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Credit: Getty Images

Japan announces its own Space Domain Mission Force to protect orbital assets

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Jan 23, 2020, 6:13 PM EST

 

Following in the footsteps of President Trump's newly-formed Space Force and United State Space Command, the sixth branch of the military aimed at monitoring and guarding America's outer space interests, Japan has now unveiled ambitious plans of their own for a separate protective entity to watch over their nation's space-based assets.

On Monday, during a speech to kick off the year's parliamentary session, Japanese Prime Minister Shinzo Abe revealed that his country will form a space defense unit to protect itself from potential threats as rivals continue to develop missiles and other advanced technology, while also indicating that this new enterprise will work hand-in-hand with its American counterpart launched by President Trump.

Credit: Getty Images

Officially named the Space Domain Mission Unit, this administrative and combatant command section will begin in April as a component of Japan's Air Self-Defense Force, operating off an as-yet unapproved 50.6 billion yen (U.S. $459.2 million) budget for future space-centric projects.

This newly-announced space division mirrors our own comprehensive plan detailed on Twitter back in December of 2018, when Deputy Defense Secretary Patrick Shanahan indicated that Space Force and the Space Command were not the same entity, but will be unified companion divisions, with Space Force serving as a force provider for personnel, assets, and capabilities supporting space operations, and Space Command acting as the operational command that will employ space capabilities and head-up space operations.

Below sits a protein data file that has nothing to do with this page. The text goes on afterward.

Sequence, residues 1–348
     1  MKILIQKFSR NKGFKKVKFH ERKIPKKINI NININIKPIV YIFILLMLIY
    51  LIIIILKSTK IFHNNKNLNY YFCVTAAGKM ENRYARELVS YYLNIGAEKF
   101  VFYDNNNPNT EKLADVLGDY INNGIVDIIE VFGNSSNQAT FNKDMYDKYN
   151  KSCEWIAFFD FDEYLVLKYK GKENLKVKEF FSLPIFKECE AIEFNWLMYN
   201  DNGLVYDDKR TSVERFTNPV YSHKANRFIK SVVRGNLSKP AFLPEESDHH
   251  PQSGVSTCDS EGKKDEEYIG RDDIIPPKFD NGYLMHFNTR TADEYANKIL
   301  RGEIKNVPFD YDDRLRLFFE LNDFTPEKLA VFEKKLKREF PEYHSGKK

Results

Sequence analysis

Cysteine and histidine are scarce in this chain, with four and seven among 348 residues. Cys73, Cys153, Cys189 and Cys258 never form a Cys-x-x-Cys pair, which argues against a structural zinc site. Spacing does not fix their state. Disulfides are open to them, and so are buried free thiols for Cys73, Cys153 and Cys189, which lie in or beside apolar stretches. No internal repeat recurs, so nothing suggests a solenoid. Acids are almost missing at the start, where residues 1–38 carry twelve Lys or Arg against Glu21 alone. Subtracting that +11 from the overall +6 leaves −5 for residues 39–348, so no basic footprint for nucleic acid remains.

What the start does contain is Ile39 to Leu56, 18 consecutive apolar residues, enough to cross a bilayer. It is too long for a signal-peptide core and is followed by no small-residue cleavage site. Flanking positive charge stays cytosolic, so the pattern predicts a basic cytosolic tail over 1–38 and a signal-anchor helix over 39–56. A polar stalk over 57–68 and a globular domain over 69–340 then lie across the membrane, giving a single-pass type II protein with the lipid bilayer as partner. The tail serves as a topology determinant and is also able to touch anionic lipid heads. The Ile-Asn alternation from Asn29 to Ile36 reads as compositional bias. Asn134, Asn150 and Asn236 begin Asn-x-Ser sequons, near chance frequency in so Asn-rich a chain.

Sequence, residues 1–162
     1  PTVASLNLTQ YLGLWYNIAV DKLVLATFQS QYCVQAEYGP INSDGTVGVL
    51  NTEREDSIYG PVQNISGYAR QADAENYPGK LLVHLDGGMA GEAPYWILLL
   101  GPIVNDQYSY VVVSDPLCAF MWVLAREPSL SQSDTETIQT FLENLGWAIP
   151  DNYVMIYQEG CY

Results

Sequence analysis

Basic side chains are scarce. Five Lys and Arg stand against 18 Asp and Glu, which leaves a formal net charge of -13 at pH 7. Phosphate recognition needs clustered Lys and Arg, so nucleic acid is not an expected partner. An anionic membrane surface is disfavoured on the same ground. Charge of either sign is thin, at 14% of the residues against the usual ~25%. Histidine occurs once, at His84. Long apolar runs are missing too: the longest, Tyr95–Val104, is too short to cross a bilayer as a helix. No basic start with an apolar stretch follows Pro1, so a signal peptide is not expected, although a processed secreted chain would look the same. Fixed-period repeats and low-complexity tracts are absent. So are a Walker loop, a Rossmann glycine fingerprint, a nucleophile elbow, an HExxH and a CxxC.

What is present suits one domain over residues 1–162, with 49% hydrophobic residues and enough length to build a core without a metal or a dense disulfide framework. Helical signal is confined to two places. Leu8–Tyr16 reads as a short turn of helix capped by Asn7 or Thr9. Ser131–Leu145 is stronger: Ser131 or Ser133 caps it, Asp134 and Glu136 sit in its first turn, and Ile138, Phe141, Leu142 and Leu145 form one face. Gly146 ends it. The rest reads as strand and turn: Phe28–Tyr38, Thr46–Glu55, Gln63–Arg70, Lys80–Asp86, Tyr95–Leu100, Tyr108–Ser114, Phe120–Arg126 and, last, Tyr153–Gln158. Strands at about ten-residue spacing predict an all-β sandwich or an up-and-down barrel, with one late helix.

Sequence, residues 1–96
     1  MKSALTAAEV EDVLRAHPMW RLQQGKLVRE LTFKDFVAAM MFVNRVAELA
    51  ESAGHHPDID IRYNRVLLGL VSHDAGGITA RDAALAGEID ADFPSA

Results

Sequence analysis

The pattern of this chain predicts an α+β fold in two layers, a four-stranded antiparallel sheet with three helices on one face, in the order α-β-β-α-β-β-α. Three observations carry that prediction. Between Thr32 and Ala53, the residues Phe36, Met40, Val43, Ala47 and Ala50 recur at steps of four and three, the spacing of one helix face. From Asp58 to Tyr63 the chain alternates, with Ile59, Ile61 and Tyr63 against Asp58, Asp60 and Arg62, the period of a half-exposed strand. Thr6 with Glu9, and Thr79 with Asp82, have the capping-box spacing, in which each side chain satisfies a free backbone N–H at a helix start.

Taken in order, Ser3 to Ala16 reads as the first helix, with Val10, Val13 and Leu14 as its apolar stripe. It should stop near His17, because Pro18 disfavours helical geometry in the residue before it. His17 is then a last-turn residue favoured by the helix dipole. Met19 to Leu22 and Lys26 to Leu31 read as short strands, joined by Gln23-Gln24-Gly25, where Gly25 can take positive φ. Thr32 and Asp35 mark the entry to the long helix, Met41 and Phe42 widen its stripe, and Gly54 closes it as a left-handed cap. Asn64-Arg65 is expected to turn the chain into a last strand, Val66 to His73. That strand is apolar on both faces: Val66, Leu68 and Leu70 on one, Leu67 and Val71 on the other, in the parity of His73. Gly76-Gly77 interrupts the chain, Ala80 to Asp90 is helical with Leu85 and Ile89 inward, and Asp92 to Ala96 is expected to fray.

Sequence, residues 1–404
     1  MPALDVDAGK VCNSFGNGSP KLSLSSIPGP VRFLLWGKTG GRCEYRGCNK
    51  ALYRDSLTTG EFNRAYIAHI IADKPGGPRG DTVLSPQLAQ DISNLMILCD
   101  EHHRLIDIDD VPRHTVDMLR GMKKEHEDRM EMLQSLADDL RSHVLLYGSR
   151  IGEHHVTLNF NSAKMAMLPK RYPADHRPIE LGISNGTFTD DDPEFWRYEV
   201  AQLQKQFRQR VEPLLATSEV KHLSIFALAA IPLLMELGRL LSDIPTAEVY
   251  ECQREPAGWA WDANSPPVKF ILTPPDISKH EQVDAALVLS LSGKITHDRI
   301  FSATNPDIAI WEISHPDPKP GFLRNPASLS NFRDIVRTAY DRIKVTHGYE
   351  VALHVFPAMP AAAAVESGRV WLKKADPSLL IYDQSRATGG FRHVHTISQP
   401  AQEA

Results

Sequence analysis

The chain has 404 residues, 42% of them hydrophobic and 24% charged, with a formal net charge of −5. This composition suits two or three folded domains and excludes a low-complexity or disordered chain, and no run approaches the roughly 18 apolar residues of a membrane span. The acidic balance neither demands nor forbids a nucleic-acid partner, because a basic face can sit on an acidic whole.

Credit: Getty Images

Prime Minister Abe added that Japan needs to be vigilant in defending itself from cyberspace threats and dangerous electromagnetic interference targeted against Japanese-owned satellites.

“We have elevated the relationship to one in which each of us, the U.S. and Japan, protects the other, thereby giving further force to the alliance,” Abe explained during his speech. “Going forward, it is incumbent upon us to make it even more robust, to make it a pillar for safeguarding peace and security in both outer space and cyber space.”

The Space Domain Mission Unit and its lofty operations are destined to be folded into an existing air base at Fuchu in Tokyo's western suburbs, where it will be staffed by approximately 20 people in anticipation of a full-scale rollout in 2022.

What are your thoughts on Japan's new space branch and will their uniforms be more appealing than the boring camo-printed offerings recently revealed by the U.S. Space Force?

Credit: U.S. Space Force

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